The Windows 11 TPM 2.0 requirement has kept many organizations from installing the new operating system on their existing PCs.
Such organizations generally have a couple of choices about how to handle the TPM 2.0 predicament. One option is to circumvent Microsoft’s Windows 11 hardware requirements. However, as I explained in a recent article, doing so is a bad idea. It puts the machine into an unsupported state and may also prevent the machine from accessing security updates later on.
The second option is, of course, to buy new PC hardware. While this is arguably the best option for organizations to run Windows 11, it isn’t always practical. After all, there are costs associated with replacing aging PCs. Given the state of the economy, some organizations would understandably like to postpone their next PC refresh.
So, does that mean that most organizations are going to be stuck with Windows 10 for the foreseeable future? Maybe not. Unless your organization’s PCs are exceptionally old, there is a very real chance you can adopt Windows 11 right now -- without replacing the PCs or violating Microsoft’s hardware requirements and industry best practices.
Check for Disabled TPM Support
Several PC manufacturers include TPM 2.0 support on their PCs, but, by default, have historically left TPM 2.0 disabled. When Microsoft first announced the Windows 11 TPM 2.0 requirement, a flurry of bloggers told readers they can go into a PC’s Unified Extensible Firmware Interface (UEFI) and enable TPM 2.0 support. Although this is indeed good advice, many of the bloggers failed to mention two important points:
- Just because you don’t see an option to enable TPM 2.0 does not mean that the option does not exist.
- Even if your PC does not natively include TPM 2.0 support, it doesn’t mean that it cannot be added on (and for less money than you think).
Finding the Illusive TPM Option
As previously noted, many systems do in fact support TPM 2.0, even if they do not list TPM 2.0 in the system’s UEFI. The reason why has a bit to do with marketing.
TPM stands for Trusted Platform Module. It’s a somewhat generic term. The Trusted Computing Group, an organization that has been tasked with maintaining the TPM standard, essentially determined what it means for a machine to be TPM 2.0 compliant. The important thing to take away from this is that TPM is just a standard. PC manufacturers do not own this standard. That being the case, motherboard manufacturers often come up with their own names for TPM support.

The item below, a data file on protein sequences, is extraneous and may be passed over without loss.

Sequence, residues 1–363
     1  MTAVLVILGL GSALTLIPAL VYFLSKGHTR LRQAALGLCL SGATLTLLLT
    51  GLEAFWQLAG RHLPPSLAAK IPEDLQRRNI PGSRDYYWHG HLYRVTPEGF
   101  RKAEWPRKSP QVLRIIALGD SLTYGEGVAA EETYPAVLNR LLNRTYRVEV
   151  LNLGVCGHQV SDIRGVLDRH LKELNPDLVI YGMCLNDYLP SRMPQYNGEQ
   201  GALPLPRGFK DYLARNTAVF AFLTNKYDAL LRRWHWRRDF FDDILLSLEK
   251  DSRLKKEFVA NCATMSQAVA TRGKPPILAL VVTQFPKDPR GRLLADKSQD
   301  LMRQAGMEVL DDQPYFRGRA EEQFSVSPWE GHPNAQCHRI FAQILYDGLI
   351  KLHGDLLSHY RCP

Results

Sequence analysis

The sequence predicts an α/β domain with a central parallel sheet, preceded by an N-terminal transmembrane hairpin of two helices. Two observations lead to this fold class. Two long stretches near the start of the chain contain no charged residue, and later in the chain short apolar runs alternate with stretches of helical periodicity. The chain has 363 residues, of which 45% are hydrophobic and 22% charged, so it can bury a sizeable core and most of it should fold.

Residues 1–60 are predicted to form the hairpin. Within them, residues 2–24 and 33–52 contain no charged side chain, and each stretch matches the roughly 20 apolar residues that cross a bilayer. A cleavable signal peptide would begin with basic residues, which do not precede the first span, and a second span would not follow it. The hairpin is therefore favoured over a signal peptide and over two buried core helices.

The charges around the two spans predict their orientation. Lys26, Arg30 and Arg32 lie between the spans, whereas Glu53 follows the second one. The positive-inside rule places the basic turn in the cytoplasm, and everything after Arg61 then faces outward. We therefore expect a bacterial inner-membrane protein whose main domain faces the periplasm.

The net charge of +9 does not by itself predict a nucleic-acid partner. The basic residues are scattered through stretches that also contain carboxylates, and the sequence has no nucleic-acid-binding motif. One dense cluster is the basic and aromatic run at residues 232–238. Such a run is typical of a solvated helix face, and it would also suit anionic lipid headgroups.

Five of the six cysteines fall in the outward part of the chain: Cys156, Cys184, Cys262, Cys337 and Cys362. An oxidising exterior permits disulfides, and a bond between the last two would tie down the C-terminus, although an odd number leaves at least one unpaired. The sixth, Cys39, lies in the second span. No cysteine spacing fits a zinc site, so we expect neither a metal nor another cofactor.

All of this is to say that when you open your computer’s UEFI, you may find TPM 2.0 listed under a different name. Intel, for example, uses names such as Identity Protection Technology, or IPT, and Platform Trust Technology, or PTT.
If you find it difficult to locate the TPM option on a system, check the CPU type. Intel has universally supported TPM 2.0 since the days of the Skylake CPU. There are even a few Intel systems out there that support TPM 2.0 even though they predate Skylake. Similarly, AMD began supporting TPM 2.0 with its Ryzen 2500 CPU, although some systems require a firmware update.
Once you have determined whether a PC’s CPU supports TPM 2.0, you can do a web search to find out what the TPM feature was called in the system’s UEFI. You may also be able to find how to enable TPM 2.0, since the option is so often hidden behind multiple menus.
Adding on TPM Support
If you find that your system does not natively include TPM support, you may be able to install a TPM module. To do so, your PC’s system must have an SPI TPM 2.0 header. The cost of a TPM module varies, but you can often find TPM modules on Amazon for under $20.
If you plan to install your own TPM module, start by trying out one module. Do this before you place a large TPM module order for all your PCs. That way, you can verify that the module will work with the Windows 11 TPM 2.0 requirement. It’s also important to check compatibility information, since some add-on TPM 2.0 modules will only work with specific system boards.